Saturday, October 10, 2009

This Week in Texas Methodist History October 11

Daisy Davies and Mabel Head Begin Whirlwind Mission Blitz of Texas, October 17, 1908

The work of the Woman’s Foreign Missionary Society and the Woman’s Home Missionary Society during the Progressive Era is an example of how dedicated individuals can make a huge difference in the life of the church. The author was recently reminded of the work of the two societies by a donation to the Texas Conference Archives. It is a simple trifold brochure announcing the Texas tour of a mission campaign conducted by Misses Daisy Davies and Mabel Head. Miss Davies was Secretary of Young Peoples Work of the Woman’s Board of Foreign Missions. Miss Head was Associate Secretary of the Woman’s Board of Home Missions.

The first rally was at Amarillo on Sunday, October 17, 1908. That was the first of 28 “Institutes and rallies” ending with Beaumont on Sunday, December 13. In between were Clarendon, Childress, Wichita Falls, Stamford, Dublin, Brownwood, Burnet, Georgetown, Austin, San Marcos, San Antonio, Beeville, Cuero, Brenham, Waco, Corsicana, Dallas, Fort Worth, Denton, Sherman, Paris, Terrell, Marshall, Jacksonville, Crockett, and Houston. What a Texas tour!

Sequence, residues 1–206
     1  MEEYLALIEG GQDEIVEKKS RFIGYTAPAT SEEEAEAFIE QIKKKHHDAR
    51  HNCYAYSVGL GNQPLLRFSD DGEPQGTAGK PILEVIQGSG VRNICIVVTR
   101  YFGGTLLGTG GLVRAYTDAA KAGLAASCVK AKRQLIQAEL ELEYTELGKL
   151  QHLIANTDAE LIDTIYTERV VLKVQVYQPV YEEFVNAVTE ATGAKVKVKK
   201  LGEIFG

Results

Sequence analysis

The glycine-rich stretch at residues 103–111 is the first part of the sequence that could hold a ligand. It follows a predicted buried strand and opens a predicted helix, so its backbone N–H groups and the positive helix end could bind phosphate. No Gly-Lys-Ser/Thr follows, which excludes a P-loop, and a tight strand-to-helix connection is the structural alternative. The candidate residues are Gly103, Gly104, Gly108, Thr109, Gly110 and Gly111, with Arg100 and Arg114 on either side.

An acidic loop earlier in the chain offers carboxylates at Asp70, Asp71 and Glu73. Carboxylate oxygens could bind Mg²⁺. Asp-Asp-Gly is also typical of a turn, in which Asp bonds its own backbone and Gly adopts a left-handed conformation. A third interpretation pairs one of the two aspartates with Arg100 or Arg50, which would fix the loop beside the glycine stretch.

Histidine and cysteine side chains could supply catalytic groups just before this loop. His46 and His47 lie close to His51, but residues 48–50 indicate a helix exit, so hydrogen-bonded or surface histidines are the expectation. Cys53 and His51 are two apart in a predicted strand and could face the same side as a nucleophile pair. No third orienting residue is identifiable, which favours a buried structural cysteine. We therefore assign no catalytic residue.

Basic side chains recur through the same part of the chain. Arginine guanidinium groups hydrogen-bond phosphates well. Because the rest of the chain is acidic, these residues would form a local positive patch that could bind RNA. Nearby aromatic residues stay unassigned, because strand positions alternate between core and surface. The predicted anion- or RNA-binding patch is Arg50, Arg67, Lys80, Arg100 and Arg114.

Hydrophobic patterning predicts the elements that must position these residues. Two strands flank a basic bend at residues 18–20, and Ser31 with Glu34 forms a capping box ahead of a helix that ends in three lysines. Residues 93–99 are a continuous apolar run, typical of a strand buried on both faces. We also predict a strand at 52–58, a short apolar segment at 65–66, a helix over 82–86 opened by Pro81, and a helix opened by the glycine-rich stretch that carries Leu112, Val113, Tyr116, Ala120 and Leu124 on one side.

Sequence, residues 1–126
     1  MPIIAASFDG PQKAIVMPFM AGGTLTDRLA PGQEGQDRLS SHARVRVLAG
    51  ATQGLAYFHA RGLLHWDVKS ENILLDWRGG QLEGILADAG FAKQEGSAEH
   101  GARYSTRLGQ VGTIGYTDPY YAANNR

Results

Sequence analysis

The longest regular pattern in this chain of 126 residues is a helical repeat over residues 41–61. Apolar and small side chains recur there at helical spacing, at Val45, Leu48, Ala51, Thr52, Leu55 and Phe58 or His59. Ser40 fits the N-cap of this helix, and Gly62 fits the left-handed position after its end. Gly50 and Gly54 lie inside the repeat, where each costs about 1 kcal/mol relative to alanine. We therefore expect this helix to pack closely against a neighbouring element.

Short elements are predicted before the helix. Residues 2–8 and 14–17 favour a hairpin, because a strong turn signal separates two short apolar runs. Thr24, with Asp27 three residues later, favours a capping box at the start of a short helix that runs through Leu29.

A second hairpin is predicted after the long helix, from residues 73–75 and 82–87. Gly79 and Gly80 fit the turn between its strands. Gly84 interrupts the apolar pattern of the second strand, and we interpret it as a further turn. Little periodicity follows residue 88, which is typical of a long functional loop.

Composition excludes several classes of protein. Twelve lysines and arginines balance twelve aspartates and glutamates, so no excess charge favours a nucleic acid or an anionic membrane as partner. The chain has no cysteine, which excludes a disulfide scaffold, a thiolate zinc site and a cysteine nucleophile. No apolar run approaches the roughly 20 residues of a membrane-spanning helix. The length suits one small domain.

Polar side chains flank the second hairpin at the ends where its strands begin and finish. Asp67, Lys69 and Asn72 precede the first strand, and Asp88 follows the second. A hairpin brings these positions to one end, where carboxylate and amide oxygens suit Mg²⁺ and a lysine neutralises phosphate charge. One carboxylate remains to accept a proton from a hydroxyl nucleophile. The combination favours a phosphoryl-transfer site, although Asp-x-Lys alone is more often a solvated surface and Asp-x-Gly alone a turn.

The two secretaries depended upon local committees, (adverting, finance, arrangements, and hospitality) in all 28 cities. The schedule varied somewhat depending upon whether a Sunday was included in the stop. All featured mission talks, Bible study, maps, charts, and mission literature. One focus of the rallies was the recruitment of “educated young women who should be choosing a life work and who are free to give themselves into definite Christian service.”

Both women who toured Texas in the fall of 1908 went on to greater service. In 1915 Daisy Davis became the first female president of the historic Methodist female college in LaGrange, Georgia. She kept hat post until 1920 when she became head of relief work in Poland. Mabel Head, who had been educated at Cornell, Vassar, and New York State Teachers’ College, became Educational Secretary of the Board of Missions of the MECS.


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